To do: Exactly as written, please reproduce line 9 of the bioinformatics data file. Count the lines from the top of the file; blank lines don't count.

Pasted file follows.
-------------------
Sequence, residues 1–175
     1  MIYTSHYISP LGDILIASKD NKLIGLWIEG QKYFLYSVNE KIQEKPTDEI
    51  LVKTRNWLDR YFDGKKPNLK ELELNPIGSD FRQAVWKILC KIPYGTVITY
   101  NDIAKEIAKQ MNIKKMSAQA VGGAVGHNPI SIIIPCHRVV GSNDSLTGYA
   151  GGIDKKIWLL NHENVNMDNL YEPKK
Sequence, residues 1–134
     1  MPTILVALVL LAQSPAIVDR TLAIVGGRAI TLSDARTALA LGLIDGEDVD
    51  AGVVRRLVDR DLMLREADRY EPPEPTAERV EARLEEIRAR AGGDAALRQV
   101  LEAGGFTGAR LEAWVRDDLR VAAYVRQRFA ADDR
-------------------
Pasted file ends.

   101  LEAGGFTGAR LEAWVRDDLR VAAYVRQRFA ADDR